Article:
In the book of Exodus, God’s redemptive plan shifts to focus on the nation of Israel. We meet them hundreds of years after the time of Joseph. They are still in Egypt, but they are no longer favored people because the new king of Egypt “did not know Joseph.” God had been fulfilling this promise to Abraham to make his people great in number, but the large numbers of rapidly reproducing foreigners threatened the Egyptian leaders. Pharaoh oppresses the people with hard labor and attempts to slim their numbers by killing male infants. Moses is spared, and under God’s guidance he taken in by Pharaoh’s daughter and raised in the royal court. In the midst of the “groaning” of God’s people two heroes emerge. First, Moses. He is unable to deliver his people from their groaning and oppression and has to flee in into the desert. But the second hero will have sufficient ability. Chapter 2 concludes with these words of anticipation; “God heard their groaning and God remembered his covenant… God saw the people of Israel and God knew.”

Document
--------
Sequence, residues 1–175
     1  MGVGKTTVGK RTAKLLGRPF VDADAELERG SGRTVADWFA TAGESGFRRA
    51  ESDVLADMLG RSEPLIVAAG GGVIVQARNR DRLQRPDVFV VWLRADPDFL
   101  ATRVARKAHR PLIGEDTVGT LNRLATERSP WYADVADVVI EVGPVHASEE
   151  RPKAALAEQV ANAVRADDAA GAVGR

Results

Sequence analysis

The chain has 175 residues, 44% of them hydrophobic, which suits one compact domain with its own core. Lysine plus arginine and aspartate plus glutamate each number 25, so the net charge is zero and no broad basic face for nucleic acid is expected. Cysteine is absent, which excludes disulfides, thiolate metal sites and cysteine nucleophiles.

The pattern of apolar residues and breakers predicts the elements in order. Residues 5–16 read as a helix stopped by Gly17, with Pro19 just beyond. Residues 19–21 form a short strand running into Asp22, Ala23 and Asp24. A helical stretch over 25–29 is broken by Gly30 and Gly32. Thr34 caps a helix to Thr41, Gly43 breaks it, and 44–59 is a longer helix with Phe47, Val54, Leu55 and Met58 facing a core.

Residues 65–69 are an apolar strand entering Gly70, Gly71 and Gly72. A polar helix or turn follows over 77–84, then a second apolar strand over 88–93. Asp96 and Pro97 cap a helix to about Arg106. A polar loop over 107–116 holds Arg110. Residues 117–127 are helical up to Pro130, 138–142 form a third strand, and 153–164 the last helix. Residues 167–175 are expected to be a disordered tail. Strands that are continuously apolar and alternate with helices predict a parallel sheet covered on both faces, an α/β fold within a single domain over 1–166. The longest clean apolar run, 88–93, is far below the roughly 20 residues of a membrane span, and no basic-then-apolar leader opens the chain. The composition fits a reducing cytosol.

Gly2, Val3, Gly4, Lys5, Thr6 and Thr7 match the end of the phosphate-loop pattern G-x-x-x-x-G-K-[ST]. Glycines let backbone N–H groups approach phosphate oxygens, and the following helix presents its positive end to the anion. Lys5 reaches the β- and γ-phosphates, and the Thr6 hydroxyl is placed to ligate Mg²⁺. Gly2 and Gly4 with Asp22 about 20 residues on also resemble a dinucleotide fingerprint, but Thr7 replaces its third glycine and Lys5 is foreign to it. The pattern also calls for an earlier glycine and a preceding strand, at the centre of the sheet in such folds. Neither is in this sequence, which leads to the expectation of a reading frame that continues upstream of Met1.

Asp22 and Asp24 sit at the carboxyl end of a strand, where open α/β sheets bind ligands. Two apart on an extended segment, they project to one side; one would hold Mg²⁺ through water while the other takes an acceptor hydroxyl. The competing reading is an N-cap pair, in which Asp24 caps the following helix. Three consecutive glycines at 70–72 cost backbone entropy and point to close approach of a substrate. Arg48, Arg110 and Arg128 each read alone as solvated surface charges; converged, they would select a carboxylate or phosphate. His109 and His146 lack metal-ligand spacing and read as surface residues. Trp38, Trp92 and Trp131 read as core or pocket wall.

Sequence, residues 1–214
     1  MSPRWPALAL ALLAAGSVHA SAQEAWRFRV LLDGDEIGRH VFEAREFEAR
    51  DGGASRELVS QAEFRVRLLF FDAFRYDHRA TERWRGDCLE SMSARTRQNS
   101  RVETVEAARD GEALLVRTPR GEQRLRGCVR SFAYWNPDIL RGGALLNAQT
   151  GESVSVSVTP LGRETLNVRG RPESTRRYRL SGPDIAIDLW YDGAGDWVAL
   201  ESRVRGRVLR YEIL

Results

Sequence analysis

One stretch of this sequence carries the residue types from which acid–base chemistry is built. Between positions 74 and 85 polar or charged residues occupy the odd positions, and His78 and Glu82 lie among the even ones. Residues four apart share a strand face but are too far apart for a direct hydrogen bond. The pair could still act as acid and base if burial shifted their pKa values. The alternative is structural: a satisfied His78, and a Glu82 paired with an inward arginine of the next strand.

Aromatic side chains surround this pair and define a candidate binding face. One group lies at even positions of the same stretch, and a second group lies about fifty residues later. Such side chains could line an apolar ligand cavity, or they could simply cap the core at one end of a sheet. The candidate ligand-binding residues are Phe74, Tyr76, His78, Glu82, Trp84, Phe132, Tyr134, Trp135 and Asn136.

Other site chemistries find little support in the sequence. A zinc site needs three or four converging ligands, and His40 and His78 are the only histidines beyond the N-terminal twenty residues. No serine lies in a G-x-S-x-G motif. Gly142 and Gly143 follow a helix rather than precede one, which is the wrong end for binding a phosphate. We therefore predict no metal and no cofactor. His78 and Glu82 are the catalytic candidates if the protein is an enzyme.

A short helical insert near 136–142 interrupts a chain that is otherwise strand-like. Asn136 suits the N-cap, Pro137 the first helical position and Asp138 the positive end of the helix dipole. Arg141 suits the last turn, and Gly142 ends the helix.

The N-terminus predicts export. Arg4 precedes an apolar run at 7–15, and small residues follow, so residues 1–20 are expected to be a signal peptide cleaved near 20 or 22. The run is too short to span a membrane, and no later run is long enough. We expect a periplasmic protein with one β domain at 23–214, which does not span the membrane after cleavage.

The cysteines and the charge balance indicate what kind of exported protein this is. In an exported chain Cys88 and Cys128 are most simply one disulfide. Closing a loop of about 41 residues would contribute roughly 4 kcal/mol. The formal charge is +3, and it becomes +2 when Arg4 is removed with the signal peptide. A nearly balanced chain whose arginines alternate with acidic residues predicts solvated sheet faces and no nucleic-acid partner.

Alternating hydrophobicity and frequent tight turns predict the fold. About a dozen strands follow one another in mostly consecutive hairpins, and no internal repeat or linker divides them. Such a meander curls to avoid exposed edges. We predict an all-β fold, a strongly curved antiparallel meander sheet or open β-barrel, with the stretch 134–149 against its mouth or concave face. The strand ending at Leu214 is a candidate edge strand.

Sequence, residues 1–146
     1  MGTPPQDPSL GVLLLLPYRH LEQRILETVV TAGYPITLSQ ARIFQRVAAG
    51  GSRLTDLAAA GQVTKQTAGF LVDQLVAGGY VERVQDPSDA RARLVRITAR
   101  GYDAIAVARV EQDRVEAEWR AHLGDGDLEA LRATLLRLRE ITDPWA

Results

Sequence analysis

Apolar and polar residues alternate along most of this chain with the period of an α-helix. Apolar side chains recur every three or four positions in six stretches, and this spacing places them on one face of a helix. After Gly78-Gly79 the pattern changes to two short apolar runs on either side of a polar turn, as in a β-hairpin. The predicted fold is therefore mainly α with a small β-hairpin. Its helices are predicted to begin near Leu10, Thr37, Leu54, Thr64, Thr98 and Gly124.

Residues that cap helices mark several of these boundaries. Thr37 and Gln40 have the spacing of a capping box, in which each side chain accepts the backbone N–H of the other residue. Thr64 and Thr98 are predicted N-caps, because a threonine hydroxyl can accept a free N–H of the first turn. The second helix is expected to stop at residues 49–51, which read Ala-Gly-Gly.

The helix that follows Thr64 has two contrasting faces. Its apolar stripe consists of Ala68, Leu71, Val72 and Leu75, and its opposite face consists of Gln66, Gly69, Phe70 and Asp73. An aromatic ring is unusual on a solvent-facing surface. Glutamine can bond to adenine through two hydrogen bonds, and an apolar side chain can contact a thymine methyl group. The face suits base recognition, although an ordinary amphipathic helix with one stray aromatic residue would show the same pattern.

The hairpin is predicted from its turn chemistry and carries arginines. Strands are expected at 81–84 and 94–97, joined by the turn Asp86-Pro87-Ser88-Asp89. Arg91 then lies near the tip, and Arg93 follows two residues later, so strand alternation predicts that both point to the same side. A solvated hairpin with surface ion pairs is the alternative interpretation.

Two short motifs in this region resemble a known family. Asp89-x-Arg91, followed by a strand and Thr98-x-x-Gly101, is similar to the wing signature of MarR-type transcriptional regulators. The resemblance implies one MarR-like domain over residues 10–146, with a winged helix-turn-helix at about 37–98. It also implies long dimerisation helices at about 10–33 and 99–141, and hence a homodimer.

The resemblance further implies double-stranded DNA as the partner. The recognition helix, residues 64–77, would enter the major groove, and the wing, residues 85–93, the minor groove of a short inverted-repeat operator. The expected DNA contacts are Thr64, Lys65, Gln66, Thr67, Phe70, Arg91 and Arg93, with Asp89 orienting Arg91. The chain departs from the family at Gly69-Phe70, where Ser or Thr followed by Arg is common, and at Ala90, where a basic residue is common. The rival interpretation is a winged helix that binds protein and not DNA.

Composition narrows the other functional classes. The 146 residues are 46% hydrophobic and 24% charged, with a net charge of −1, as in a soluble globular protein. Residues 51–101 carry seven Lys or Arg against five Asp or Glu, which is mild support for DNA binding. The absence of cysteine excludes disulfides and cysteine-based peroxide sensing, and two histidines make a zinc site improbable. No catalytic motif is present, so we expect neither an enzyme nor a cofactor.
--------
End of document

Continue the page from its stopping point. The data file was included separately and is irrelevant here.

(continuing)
Reflect: Deliverance from the oppression of Egypt is the defining act of God’s Old Testament salvation. In this we see an important characteristic of God. He hears the groaning of his people, he sees their situation, and he knows. As you consider painful and frustrating parts of you own life and hold them up to God in prayer, remember that he “hears, sees and knows.”
In Paul’s first letter to the Corinthian church he sought to correct a church that was distracted by great acts of power. He reminded them that love is the greatest of all attributes that a Christian can have. In this, we draw near to the heart of God. But more important than knowing God, is the fact that we are “known by him.”